The aims of the NHMRC Expert Panel on Antibiotics (EPOA) are: to advise on ways to minimise the antibiotic burden in the Australian community and environment. The antibiotic burden is a combination of the total amount of antibiotics used and the breadth of the spectrum of those antibiotics RESCINDED
to advise on ways to minimise the rate of development of antibiotic resistance and the spread of that resistance, and thereby preserve the utility of older, narrower-spectrum, safer and less expensive antibiotics In the context of the availability of antibiotics for use in agronomy and horticulture, the EPOA and the Working Party felt that antibiotic use should be restricted to those areas of use where: productivity would be severely affected without their use no satisfactory alternative treatments are available risks of antibiotic exposure to users and consumers could be adequately minimised development of antibiotic resistance would be minimal and, or of no consequence to human, veterinary, or plant health Important principles need to be taken into account before approving an antibiotic for use in agronomy and horticulture. These are: The antibiotic should be rapidly degraded in the environment by chemical or microbiological means The use of antibiotic will not add unnecessarily to the antibiotic burden. This means that it will not be prescribed, dispensed or used where it is not needed. It also means that a broad spectrum agent will not be used when a narrow spectrum agent would be adequate When the rate of development of microbial resistance is likely to be high when the agent is used alone, then it should not be used unless used in combination with another agent able to minimise the effect Use of the antibiotic will not encourage the selection of microbial cross-resistance to a wide spectrum of unrelated antibiotics Antibiotics will not be used in combination unless: (i) it is proven that a combination of agent is essential for the treatment of a single organism in order to guarantee efficacy or prevent the emergence of resistance (ii) more than one pathogen organism is expected in the relevant circumstances and these cannot be treated effectively with a single agent. Brief review of microbial plant diseases where antibiotics have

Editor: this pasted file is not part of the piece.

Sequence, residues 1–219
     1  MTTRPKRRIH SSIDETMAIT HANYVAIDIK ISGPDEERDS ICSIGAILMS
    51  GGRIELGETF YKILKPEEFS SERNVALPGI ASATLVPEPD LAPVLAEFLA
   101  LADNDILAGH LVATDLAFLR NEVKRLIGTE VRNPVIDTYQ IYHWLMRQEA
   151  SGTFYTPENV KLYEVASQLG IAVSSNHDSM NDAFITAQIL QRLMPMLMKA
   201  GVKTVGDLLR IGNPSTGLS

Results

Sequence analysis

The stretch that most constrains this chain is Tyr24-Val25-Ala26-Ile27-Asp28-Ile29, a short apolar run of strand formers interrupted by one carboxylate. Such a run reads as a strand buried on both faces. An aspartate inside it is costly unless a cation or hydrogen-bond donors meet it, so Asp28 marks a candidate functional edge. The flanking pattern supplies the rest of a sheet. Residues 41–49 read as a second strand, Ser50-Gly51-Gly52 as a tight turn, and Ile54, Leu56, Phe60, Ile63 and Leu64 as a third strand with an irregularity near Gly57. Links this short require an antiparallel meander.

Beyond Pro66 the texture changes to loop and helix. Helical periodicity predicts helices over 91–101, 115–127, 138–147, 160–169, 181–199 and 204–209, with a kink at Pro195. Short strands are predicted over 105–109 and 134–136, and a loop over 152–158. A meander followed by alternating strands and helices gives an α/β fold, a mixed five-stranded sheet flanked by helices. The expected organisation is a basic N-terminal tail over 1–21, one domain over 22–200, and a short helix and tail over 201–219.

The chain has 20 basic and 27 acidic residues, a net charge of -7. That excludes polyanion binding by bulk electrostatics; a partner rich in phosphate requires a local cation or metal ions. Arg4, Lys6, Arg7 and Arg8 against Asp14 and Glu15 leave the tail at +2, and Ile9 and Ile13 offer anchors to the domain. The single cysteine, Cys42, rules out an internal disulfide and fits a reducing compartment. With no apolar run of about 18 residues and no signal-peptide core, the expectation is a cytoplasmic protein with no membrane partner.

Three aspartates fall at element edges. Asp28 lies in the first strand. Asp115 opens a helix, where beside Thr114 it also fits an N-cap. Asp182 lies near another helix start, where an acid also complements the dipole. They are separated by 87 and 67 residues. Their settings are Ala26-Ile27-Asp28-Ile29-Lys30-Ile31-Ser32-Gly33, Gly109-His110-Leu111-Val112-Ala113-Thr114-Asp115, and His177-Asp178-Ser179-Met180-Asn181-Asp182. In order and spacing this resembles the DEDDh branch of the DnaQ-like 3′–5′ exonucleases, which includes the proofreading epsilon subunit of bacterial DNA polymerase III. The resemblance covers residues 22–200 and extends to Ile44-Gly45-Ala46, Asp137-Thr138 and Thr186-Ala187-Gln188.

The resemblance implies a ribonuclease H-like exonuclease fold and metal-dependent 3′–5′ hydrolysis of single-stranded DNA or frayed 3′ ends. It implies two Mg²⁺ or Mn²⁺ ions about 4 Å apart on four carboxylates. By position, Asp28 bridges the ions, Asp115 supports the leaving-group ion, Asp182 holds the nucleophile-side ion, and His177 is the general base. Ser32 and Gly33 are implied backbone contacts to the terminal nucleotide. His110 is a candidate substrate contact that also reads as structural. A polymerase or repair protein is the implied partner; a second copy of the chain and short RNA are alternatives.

been used

There are a number of plant pathogens worldwide which are sensitive to antibiotics and where the application of antibiotic preparations has proved valuable in the control of the diseases caused by those pathogens. Fungal diseases are of far greater economic significance than bacterial or viral diseases. However due to the availability of highly effective fungicides, there are only a few instances where antibiotics have been used commercially for the control of fungal diseases. Antibiotics have mainly been targeted against bacterial pathogens. Antibiotics have not been successfully applied for the control of viral diseases. RESCINDED